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I hit a business milestone in 2012: I made more money from my business than I had made at my salaried job.

(Note: I’m often asked, “How long did that take?” Answer: I ran my business as a side-hobby starting in 2006. I went full-time with it in late 2009).

Then I hit another business milestone in 2013: I again made more money from my business than I had made at my salaried job, which I considered a milestone because it proved that the first year wasn’t just a fluke.

Furthermore, in 2013 I did this while only working as much or as little as I wanted to. In fact, I went on vacation from work during the months of June, July and August and again in October and again for much of December.

Something else happened in 2013 that hit me profoundly, however: my salaried employer was on the verge of declaring bankruptcy and shutting down.

Why was that so profound? Because ten years earlier, I’d thought that the only way I’d ever be able to support myself was through being employed by someone else, in climbing some kind of career ladder, something with guaranteed benefits and long-term “stability.”

The Rules Really Have Changed

You really don’t have to have a salaried, 9-5 job. You can do things your way. It is absolutely possible to start your own business and make enough money, even more than enough money, to support yourself. (Note: I’m talking about money in this particular post because it’s such a sticking point for so many people. I hope it also goes without saying that in choosing to work for myself, I’ve also been able to live from a place of fulfillment. Money isn’t the only end-game!).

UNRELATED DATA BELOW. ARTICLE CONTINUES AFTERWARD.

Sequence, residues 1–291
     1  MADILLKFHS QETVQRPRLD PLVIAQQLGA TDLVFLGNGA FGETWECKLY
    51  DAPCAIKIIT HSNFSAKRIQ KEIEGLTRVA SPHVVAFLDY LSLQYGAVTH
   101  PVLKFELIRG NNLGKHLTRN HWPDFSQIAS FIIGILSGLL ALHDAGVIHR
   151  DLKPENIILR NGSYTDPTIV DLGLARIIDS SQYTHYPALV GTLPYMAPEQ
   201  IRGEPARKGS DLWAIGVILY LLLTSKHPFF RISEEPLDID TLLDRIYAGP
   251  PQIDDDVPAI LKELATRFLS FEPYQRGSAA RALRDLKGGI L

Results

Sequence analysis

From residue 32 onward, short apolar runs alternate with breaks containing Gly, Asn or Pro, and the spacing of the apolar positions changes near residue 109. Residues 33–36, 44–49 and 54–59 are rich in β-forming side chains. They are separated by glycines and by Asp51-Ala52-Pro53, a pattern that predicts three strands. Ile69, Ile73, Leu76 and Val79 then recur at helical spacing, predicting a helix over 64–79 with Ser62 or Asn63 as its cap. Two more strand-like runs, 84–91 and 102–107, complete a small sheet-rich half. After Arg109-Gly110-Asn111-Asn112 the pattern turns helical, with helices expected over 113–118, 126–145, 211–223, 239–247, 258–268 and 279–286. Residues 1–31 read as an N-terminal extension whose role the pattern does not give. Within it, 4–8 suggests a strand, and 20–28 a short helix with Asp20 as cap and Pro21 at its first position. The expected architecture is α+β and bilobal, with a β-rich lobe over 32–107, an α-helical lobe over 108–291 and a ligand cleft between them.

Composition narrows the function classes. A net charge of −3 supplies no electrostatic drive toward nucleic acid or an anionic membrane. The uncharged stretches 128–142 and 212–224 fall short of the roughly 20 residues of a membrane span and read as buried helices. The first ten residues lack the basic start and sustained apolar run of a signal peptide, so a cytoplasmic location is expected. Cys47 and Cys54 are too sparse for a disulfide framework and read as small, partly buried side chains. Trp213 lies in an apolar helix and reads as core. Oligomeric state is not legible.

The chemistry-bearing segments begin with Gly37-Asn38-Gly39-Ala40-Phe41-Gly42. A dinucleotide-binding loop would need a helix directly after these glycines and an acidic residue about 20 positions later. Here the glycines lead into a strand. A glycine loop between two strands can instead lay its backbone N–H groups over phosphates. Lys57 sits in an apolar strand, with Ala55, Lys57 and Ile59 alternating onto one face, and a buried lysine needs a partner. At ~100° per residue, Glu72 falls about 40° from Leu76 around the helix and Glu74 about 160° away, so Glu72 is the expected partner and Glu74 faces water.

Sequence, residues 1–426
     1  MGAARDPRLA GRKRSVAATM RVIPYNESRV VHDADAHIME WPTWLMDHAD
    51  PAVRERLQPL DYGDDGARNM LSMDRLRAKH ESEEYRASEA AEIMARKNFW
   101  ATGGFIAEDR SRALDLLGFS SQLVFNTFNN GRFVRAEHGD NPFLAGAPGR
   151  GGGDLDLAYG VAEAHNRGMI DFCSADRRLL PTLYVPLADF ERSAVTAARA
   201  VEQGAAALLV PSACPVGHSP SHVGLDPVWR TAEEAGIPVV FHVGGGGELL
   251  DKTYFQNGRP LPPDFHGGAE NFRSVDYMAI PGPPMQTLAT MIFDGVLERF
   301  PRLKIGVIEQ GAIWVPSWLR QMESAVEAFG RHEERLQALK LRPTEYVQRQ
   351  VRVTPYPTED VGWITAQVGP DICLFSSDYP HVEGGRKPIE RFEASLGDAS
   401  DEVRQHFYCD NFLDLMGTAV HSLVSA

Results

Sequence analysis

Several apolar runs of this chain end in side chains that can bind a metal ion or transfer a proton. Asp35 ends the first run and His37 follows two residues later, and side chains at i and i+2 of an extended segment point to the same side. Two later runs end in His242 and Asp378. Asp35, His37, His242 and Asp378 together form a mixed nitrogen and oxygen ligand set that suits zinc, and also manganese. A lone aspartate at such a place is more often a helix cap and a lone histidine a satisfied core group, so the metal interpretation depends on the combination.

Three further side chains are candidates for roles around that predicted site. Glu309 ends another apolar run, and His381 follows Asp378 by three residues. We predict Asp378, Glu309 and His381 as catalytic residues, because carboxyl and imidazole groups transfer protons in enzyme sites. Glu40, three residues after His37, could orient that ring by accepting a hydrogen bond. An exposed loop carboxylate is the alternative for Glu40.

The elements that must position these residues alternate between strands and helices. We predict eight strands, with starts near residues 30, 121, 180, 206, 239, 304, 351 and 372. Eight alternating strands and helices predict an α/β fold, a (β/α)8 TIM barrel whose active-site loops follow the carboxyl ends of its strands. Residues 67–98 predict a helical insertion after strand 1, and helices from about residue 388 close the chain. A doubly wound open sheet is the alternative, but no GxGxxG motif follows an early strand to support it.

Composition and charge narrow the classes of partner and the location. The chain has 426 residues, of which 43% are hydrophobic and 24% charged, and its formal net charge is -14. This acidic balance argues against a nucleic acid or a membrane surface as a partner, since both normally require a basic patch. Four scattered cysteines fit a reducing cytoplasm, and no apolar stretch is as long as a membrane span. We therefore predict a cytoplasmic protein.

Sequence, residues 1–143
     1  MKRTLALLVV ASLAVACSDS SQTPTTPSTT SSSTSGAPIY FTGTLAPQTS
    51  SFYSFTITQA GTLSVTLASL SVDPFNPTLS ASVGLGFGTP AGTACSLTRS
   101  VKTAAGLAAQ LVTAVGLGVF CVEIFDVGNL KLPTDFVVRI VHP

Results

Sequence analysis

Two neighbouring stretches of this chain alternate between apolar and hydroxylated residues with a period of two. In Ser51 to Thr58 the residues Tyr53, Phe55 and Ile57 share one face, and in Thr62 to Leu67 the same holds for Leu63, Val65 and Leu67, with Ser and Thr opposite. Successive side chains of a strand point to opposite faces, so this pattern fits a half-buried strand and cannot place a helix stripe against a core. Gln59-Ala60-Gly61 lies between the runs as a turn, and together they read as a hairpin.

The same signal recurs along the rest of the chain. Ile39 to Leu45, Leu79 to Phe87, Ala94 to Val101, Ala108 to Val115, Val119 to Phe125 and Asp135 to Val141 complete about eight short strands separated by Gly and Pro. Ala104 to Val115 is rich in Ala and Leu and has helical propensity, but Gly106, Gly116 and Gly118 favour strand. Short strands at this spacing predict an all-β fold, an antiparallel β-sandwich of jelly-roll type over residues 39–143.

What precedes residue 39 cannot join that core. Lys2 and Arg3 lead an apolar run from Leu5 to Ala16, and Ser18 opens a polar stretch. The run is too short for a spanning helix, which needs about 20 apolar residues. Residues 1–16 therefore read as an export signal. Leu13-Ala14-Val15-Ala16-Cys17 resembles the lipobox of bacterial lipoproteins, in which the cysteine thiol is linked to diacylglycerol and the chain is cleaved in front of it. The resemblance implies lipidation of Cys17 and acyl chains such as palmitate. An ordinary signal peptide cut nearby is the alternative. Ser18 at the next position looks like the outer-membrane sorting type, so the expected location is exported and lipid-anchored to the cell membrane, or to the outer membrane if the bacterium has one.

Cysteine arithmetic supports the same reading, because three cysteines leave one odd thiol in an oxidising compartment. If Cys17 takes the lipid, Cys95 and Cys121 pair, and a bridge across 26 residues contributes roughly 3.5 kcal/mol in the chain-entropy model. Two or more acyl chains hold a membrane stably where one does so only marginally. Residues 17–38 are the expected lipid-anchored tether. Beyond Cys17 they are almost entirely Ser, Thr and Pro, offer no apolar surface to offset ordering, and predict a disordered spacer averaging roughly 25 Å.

In fact, as time would prove in my case, it has massively paid off to have done the work of creating something of my own design. The old, salaried job that seemed to have so many guarantees? Maybe not. It, too, was subject to the axiom that “nothing in life is guaranteed.”

But Here’s What Hasn’t Changed

Doing things “your way” does not mean that you can circumvent the hard work. In fact, the work actually gets harder. It is harder to walk the path of everything being on your shoulders, depending on you and your creativity and ingenuity. Truth: if you don’t have an offering that people want, and if you don’t develop the marketing skill-set so that people can see how it meets their needs, the business is not going to go anywhere.

Doing things “your way” means that sometimes, things suck and you’ve just got to hike up your panties and deal. When you get sick, there is no temp replacement. When you put time into a product launch and it flops, there is no recouping those lost expenses (and before you go into comparisons, thinking that the super-smart biz types out there don’t have product launch flops, think again. I have totally had flops!).

Doing things “your way” still means finding practical solutions for things…like health insurance. I’ve built my business while continuing to work two nights a week at a salaried job so that I could still have health insurance. It’s only with the advent of Obamacare that purchasing health insurance has been an option.

Doing things “your way” means that at some point, you’ve got to stop the D-I-Y mentality and start really investing in your business–that means that you have to stop scoffing at how expensive one-on-one consulting sessions are (they are the only thing that has ever propelled my business forward). If you want people to pay you well, you’ve got to invest in paying others who have successfully walked this path before you.